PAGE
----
Does the second half of Stephen King’s sprawling, epic horror story live up to the promise of 2017’s It? Would it sink or float? After all, “they all float down here,” right? Unfortunately, It Chapter 2 is an overlong, bloated, messy, loud, often silly movie.
Pride & Prejudice is a film that I will never tire of watching, but as we know Keira Knightley is more than just a period piece actress. Cinema spotlights life in all forms and fashions, and filmmaker Gavin Hood’s Official Secrets offers up one of Knightley’s most razor sharp performances.
Ben Kingsley, simply put, is convincing in any role he chooses to tackle. With Spider in the Web, Kingsley is a Mossad agent who attempts one final mission before he is put out to pasture. Thanks to a surprisingly resonant storyline and subtle hand from filmmaker Eran Riklis (The Syrian Bride), the film scores on different levels.
The crime thriller genre may not be as well-worn as the coming of age tales or romcoms, but there’s enough out there to forge a predictable path. Writer/director Aaron Harvey’s latest film Into The Ashes has the look and feel of a straight ahead revenge drama, but it takes a left turn and makes a pretty big gamble. From where I sit, the gamble pays off from the get go.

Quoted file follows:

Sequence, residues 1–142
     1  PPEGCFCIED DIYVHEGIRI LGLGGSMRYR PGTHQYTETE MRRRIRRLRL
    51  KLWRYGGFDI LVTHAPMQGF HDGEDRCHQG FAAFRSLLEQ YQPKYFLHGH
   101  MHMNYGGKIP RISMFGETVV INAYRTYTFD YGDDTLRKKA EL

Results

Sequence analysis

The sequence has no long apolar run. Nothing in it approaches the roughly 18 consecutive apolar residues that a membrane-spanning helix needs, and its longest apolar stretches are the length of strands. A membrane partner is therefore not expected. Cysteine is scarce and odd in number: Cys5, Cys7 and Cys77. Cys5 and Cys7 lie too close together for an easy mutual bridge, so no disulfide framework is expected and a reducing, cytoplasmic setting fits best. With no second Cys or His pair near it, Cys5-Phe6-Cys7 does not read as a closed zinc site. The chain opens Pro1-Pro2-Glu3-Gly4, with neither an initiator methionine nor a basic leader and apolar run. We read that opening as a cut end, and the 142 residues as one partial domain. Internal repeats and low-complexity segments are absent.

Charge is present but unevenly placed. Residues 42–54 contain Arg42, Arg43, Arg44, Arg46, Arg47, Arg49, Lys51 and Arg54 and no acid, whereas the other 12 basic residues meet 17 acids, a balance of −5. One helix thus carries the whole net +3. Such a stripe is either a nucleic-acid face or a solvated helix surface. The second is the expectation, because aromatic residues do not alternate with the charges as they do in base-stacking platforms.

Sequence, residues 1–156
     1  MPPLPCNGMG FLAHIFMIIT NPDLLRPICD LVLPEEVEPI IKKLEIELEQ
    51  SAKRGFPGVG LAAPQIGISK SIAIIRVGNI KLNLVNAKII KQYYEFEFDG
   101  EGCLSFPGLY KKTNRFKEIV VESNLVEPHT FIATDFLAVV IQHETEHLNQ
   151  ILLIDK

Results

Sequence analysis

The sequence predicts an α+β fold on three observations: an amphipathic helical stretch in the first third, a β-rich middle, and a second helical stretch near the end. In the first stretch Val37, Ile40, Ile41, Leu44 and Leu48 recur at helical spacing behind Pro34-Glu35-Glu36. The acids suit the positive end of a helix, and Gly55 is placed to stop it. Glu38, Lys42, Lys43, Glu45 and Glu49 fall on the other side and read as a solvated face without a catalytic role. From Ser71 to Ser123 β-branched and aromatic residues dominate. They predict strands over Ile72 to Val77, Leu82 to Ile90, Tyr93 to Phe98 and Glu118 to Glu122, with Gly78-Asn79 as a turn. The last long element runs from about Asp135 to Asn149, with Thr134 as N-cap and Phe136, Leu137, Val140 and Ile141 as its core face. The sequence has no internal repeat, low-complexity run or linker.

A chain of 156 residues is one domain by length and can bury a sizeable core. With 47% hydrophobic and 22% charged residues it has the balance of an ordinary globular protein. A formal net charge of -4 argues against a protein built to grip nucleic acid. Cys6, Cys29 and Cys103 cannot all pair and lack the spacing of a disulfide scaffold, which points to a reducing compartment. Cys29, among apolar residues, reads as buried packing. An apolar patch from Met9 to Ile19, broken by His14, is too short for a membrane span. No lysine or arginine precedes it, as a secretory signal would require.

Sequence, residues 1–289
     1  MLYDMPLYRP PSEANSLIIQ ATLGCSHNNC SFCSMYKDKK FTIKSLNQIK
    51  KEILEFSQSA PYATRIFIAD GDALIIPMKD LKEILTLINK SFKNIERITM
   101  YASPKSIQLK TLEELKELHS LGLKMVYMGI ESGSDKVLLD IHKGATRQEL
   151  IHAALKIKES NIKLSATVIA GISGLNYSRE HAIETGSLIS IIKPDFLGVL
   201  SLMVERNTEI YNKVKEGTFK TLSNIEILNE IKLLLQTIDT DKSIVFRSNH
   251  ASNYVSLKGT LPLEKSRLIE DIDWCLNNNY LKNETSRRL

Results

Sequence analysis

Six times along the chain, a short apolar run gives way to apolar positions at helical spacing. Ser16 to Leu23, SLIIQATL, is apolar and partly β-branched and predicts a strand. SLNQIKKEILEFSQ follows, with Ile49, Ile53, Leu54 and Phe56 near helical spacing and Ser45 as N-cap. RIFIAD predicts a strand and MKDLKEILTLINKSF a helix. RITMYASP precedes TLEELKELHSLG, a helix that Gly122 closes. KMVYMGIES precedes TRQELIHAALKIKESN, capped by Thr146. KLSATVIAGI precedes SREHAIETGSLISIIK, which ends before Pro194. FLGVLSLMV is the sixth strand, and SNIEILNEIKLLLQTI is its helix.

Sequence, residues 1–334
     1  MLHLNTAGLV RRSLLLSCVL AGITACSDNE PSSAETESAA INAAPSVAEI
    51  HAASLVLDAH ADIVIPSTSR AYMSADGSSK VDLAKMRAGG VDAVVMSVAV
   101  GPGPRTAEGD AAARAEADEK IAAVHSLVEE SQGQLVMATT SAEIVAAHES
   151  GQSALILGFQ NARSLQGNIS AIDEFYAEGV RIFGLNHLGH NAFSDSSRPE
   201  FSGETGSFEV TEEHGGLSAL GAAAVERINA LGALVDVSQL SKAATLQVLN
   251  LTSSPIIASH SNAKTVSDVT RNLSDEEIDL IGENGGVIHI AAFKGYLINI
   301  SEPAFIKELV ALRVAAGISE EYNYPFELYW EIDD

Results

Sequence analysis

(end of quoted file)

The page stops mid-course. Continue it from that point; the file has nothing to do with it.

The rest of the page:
The Extraordinary Journey of the Fakir is a fable that, although light in tone, is deceptively ambitious. Set in France, Italy, Spain, Libya, England, and India, this tale is essentially several movies rolled into one, and I was surprisingly swept away by the experience.
Mick Garris is inviting you to a screening at his Nightmare Cinema: slashers, sadistic plastic surgeons, and killer priests….oh my! But is this a series of nightmares worth remembering, or is it a forgetful endeavor altogether?
Peel is a coming of age drama about an adult (Emile Hirsch) with arrested development. Such a plot could make for an innocuous and forgettable feature, but director Rafael Monserrate aims for a much deeper experience and absolutely delivers on that subtle promise.